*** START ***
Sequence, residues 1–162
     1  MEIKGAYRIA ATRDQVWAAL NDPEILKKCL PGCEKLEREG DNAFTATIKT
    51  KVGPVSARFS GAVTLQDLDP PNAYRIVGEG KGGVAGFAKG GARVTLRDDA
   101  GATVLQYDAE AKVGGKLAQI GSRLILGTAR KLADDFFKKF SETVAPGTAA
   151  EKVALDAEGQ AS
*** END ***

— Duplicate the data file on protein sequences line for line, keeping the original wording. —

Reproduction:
Sequence, residues 1–162
     1  MEIKGAYRIA ATRDQVWAAL NDPEILKKCL PGCEKLEREG DNAFTATIKT
    51  KVGPVSARFS GAVTLQDLDP PNAYRIVGEG KGGVAGFAKG GARVTLRDDA
   101  GATVLQYDAE AKVGGKLAQI GSRLILGTAR KLADDFFKKF SETVAPGTAA
   151  EKVALDAEGQ AS